Viva la Vulva (possibly NSFW)

Hey, wanna get all ‘1970’s Germain Greer’ feminism and analyse female genital art together?

Oh, don’t be such a kill-joy, yes you do.

This is an interesting art piece. The sculptor, Jamie McCartney has created a piece called The Great Wall of Vagina, involving 400 casts of vulvas. McCartney says he was motivated in part by the world’s growing misogynist interest in labiaplasty, and the sense of shame and confusion women often have about their own vulvas and vaginas. McCartney wanted to prove that vulvas vary a great deal naturally. I love how abstract the resulting sculpture is…

A variety of women modelled for the art piece – including transgender women (and some trans men), before-and-after labiaplasty surgery, pre and post natal, identical twins, mothers and daughters, pierced women, women who’d experienced various vulvar diseases, women of different ages (including those in their seventies) and from a variety of ethnic backgrounds. But in an effort to decontextualise the vulvas McCartney elected to go with white casts – and while this has heightened the alien feel of the work, which I like, it has also made it difficult for me to imagine anyone but white models in the work. This is a problem for a sculpture that is questioning the narrow range of vulvas we get to ordinarily see in images.

It’s a great piece, and quite beautiful, but it somehow missed the feminist mark for me – something about a man as expert over women’s bodies, yet again, set my teeth on edge.

This isn’t just sensation, it is art with a social conscience and McCartney wants people to stop, look and listen. This is about grabbing the attention, using humour and spectacle, and then educating people about what normal women really look like. Described as “the Vagina Monologues of sculpture” this piece is intended to change the lives of women, forever.

“For many women their genital appearance is a source of anxiety and I was in a unique position to do something about that.”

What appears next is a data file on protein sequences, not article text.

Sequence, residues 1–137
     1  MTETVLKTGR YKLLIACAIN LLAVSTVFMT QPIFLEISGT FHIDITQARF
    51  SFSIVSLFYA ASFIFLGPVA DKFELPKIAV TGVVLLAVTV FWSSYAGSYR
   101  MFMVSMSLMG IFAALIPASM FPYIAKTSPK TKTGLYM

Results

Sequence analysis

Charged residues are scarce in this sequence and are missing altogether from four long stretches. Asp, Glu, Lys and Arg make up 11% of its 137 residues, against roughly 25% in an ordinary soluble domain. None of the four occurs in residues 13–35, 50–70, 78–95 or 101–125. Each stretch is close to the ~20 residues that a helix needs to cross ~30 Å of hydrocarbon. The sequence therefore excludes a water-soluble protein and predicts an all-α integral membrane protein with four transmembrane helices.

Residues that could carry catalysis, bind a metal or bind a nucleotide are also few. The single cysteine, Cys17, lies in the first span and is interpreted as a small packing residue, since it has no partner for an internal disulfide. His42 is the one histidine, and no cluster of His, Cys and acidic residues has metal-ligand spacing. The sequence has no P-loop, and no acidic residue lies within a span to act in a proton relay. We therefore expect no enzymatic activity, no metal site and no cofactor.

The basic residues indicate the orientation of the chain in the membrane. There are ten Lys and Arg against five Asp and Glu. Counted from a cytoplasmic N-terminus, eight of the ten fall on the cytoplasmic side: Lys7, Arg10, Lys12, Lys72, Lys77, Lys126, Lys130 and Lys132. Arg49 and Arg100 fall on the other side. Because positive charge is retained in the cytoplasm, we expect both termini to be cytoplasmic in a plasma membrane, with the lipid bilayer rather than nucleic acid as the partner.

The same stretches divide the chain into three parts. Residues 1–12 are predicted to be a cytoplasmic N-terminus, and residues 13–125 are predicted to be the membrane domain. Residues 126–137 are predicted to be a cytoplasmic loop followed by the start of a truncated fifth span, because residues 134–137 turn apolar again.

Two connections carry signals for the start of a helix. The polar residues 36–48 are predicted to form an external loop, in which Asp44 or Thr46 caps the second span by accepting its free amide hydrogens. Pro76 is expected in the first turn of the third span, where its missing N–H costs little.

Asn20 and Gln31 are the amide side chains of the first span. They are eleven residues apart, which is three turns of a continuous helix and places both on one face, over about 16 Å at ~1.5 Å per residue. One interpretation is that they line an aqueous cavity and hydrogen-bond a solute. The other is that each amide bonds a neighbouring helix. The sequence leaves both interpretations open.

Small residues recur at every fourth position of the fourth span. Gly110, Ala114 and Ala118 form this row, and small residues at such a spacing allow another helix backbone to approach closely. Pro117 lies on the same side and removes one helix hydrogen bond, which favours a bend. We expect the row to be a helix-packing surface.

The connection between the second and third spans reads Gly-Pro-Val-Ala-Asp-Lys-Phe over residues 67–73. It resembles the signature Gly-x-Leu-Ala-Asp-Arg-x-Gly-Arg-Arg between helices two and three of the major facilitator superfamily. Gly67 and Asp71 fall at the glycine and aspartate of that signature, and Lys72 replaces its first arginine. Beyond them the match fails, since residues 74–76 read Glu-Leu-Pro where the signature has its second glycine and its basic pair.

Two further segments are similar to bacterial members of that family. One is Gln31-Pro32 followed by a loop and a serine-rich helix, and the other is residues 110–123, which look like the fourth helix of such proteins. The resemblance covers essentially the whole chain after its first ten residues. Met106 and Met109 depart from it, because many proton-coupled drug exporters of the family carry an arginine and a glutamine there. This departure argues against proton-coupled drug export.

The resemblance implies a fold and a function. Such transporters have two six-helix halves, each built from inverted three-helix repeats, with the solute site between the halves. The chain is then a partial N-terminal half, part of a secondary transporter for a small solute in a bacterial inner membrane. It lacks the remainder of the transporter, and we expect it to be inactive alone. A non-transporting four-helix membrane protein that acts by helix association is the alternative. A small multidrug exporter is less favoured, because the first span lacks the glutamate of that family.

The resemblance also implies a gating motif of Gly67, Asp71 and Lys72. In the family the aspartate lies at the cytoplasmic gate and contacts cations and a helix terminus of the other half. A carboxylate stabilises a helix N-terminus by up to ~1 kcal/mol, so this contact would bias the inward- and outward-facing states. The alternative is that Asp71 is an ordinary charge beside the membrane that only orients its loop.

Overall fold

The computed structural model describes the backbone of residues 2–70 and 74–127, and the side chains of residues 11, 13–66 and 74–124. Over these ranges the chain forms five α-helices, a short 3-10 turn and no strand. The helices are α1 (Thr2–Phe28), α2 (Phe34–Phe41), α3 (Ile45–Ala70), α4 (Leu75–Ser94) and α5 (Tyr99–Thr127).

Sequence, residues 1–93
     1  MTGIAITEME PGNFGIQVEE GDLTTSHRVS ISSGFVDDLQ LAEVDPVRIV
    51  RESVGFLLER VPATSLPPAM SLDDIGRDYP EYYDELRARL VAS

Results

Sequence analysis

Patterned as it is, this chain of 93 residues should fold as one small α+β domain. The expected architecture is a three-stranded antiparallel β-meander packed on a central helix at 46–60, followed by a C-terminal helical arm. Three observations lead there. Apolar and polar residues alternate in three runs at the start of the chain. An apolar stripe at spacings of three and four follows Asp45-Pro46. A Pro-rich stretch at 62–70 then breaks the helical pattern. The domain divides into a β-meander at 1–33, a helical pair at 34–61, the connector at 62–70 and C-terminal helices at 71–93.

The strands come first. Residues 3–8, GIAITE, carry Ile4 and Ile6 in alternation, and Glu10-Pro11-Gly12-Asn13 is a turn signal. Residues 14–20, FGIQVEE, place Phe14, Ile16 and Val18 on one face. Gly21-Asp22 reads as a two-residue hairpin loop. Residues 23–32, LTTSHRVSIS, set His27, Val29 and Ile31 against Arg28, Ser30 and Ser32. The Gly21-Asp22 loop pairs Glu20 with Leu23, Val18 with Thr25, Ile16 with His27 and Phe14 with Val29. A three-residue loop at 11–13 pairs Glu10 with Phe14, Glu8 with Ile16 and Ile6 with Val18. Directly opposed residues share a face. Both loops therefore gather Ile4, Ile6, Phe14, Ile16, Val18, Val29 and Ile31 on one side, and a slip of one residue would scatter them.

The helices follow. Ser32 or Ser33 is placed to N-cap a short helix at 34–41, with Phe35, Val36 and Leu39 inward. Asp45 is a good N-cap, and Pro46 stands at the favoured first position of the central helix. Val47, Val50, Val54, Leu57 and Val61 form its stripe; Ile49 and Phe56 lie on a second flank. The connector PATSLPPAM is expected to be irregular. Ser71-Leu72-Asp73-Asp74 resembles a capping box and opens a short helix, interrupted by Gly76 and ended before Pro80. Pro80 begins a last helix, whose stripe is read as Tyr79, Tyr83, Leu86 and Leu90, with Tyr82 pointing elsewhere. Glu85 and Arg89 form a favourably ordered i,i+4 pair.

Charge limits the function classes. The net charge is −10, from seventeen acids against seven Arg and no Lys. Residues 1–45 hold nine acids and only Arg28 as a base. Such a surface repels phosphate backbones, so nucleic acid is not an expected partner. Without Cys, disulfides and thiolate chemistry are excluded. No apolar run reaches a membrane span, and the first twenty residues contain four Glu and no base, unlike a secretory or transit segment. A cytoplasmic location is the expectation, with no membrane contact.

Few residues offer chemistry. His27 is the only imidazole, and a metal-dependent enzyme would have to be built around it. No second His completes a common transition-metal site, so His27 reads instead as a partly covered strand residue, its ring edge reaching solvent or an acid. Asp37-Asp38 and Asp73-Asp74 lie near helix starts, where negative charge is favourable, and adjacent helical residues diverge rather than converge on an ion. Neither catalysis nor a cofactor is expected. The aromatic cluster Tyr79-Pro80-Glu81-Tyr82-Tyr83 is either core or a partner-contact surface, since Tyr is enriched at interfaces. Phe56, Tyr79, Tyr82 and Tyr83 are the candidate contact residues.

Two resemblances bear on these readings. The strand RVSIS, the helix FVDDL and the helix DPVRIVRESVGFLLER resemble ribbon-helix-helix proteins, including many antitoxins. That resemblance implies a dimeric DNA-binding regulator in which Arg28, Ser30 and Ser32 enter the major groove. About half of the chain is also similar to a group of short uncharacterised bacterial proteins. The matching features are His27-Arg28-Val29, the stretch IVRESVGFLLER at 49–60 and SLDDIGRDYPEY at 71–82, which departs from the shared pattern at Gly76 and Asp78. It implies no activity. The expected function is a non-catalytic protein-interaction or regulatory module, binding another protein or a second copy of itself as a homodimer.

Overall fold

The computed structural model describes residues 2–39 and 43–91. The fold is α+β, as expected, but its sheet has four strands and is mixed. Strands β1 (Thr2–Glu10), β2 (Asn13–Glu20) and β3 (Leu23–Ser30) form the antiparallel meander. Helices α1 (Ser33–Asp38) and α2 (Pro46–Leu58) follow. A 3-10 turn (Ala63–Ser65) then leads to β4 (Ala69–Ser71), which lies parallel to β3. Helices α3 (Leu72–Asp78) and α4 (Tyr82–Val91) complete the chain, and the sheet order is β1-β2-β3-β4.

Maybe I’d like this work more if the creation of it was as feminist as the end product – for instance, as warm and professional as the artist is the clips showing the preparation of the casts remind me a little of a visit to a male gynaecologist. And I guess, my response to this artist isn’t helped by the fact that his other work often seems to involve disembodied women’s parts and bodies from a very narrow beauty idealyoung, thin, white. Also, while I don’t think this kind of idea can be done enough, it wouldn’t be true to say that it hasn’t been done before.

Plus, it kind of bugged me that the sculpture is called The Great Wall of Vagina when these are actually vulvas. If we’re going to demystify and educate about women’s bodies let’s start with the correct names.

(Image credit here).

(Cross-posted at blue milk).

(Thanks Annabelle for the link).



Categories: arts & entertainment, gender & feminism

Tags: ,

27 replies

  1. Plus, it kind of bugged me that the sculpture is called The Great Wall of Vagina when these are actually vulvas.

    Yes, that was the first thing I thought too. Maybe he thought that people wouldn’t know vulva but vagina would grab their attention?

  2. The Melbourne artist Greg Taylor did pretty much the exact same thing in 2008, in an exhibition called “Cunts” (though he sculpted, rather than cast, the pieces). I can’t find any shots of the actual exhibition, just one of the promo poster. There’s a bit of info here.

  3. bluemilk, that vagina for vulva mislabelling is absolutely one of my own pet peeves. The number of times I’ve heard/read about “shaven vaginas” when vaginas do not have hairs, just for a start, is teeth-grinding to think about.

  4. Vajazzle. Youch.

  5. I think it’ll be a truly triumphant piece when it is a woman celebrating the diversity of our bodies instead of a man. To someone not a woman, that might not make much sense, but I think it would be best described as women owning their own freedom, pride and owning their own bodies in the process. It’s kind of pointless if it’s a man doing the celebrating.
    I’d like to see a sculpture of a woman attached to these vulvas, looking you in the face and confronting you.

  6. Yeah, I think I prefer Betty Dodson’s take, even if there are fewer of them than here, and is thus, y’know, not depicting the enormous variety in vulvas. I know that fingertips in the context of genitalia have ambivalent meanings (apparently with pictures of vulvas taken for anatomy books, no nail polish may be worn lest these medical pictures be confused with teh pr0n) but in the case of Dodson’s pictures, it helps them feel less disembodied, somehow…